• 1
    @Sukminder No, Ctrl+S does stop output. You seem to be confusing it with Ctrl+Z. Jan 16, 2016 at 21:20
  • See also: Emacs.
    – Erich
    Aug 30, 2018 at 19:41
  • Nice! And is there a way to reach the ^U, that stty -a shows defined for SIGKILL on Linux, from bash? Preferrably without undefining the readline stuff (perhaps through a third mod/meta key). I assume it is only shadowed by the ctrl+u readline binding?
    – nyov
    Aug 28, 2019 at 4:16

The kernel's terminal driver (termios) interprets the special keys that can be typed to send a signal to a process, send end of file, erase characters, etc. This is basic Unix kernel functionality and very similar on most Unix and Linux implementations.

The stty command displays or sets the termios special characters, as well as other parameters for the terminal line driver.

Invoke stty -a to see the current values of the special characters and other "terminal line settings". In the following examples, you can see that intr is Ctrl+C, eof is Ctrl+D, susp is Ctrl+Z. (I've deleted other output to show only the special character settings):

stty -a special chars on GNU/Linux:

intr = ^C; quit = ^\; erase = ^?; kill = ^U; eof = ^D; eol = <undef>;
eol2 = <undef>; swtch = <undef>; start = ^Q; stop = ^S; susp = ^Z; rprnt = ^R;
werase = ^W; lnext = ^V; flush = ^O; min = 1; time = 0;

stty -a special characters on FreeBSD:

cchars: discard = ^O; dsusp = ^Y; eof = ^D; eol = ^@; eol2 = ^@;
        erase = ^?; erase2 = ^H; intr = ^C; kill = ^U; lnext = ^V;
        min = 1; quit = ^\; reprint = ^R; start = ^Q; status = ^T;
        stop = ^S; susp = ^Z; time = 0; werase = ^W;

To change the value of a special character, for example, to change the interrupt character from Ctrl+C to Ctrl+E invoke stty like this (^E is literally two characters, the circumflex (^) followed by the letter E):

stty intr '^E'

For more information see the man pages for stty and termios. On GNU/Linux you can also look at the tty_ioctl man page.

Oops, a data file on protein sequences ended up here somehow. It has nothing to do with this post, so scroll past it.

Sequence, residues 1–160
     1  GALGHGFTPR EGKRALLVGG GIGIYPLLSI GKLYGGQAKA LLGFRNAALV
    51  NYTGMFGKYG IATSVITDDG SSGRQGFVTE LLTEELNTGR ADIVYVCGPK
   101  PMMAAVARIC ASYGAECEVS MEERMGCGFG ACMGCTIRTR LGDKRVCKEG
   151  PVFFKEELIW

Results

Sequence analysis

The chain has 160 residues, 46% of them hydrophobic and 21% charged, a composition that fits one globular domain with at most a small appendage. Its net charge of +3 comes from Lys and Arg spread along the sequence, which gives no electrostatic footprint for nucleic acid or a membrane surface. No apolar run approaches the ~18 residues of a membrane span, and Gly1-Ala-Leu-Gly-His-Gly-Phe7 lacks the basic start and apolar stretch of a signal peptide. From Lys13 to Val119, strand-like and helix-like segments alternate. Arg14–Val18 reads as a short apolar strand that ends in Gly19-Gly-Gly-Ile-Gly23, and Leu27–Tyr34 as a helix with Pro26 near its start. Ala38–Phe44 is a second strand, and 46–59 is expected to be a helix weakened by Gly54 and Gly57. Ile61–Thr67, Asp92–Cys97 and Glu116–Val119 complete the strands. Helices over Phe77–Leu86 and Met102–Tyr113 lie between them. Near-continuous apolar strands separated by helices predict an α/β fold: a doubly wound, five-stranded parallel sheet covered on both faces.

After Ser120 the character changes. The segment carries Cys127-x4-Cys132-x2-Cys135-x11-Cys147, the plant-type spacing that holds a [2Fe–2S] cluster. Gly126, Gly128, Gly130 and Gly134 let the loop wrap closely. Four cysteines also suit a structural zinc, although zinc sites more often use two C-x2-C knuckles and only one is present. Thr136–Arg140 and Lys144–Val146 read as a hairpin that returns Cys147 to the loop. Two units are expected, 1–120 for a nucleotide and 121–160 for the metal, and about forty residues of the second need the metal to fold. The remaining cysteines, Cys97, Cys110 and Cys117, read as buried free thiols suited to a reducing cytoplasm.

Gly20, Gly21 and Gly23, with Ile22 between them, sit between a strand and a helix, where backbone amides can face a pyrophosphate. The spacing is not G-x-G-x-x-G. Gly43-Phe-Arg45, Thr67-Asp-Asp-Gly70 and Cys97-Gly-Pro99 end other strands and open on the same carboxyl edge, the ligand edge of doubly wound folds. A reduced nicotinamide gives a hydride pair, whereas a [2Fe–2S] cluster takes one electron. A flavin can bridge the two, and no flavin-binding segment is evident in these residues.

The intr key (Ctrl+C by default), doesn't actually kill the process, but causes the kernel to send an interrupt signal (SIGINT) to all processes within the process group. The processes may arrange to catch or ignore the signal, but most processes will terminate, which is the default behavior.

The reason that Ctrl+d logs you out is because the terminal line driver sends EOF (end of file) on the standard input of the shell. The shell exits when it receives end of file on it's standard input.

  • @Sukminder, on FreeBSD, the POSIX -a option was added to stty.
    – RobertL
    Jan 16, 2016 at 17:53
  • I've tried stty intr '^E' it works (sets) but temporarily and for current terminal/tty only. How do I change it globally & permanently?
    – Pandya
    Jan 18, 2016 at 13:14
  • I think the best way would be to invoke stty in your $HOME/.profile or $HOME/.bashrc or some other shell startup initialization file.
    – RobertL
    Jan 19, 2016 at 1:14
  • I've tried : it works with terminal but no effect in tty
    – Pandya
    Jan 20, 2016 at 14:19
  • What did you try, what do you see, and what do you mean by tty? Maybe that could be a new question?
    – RobertL
    Jan 20, 2016 at 19:09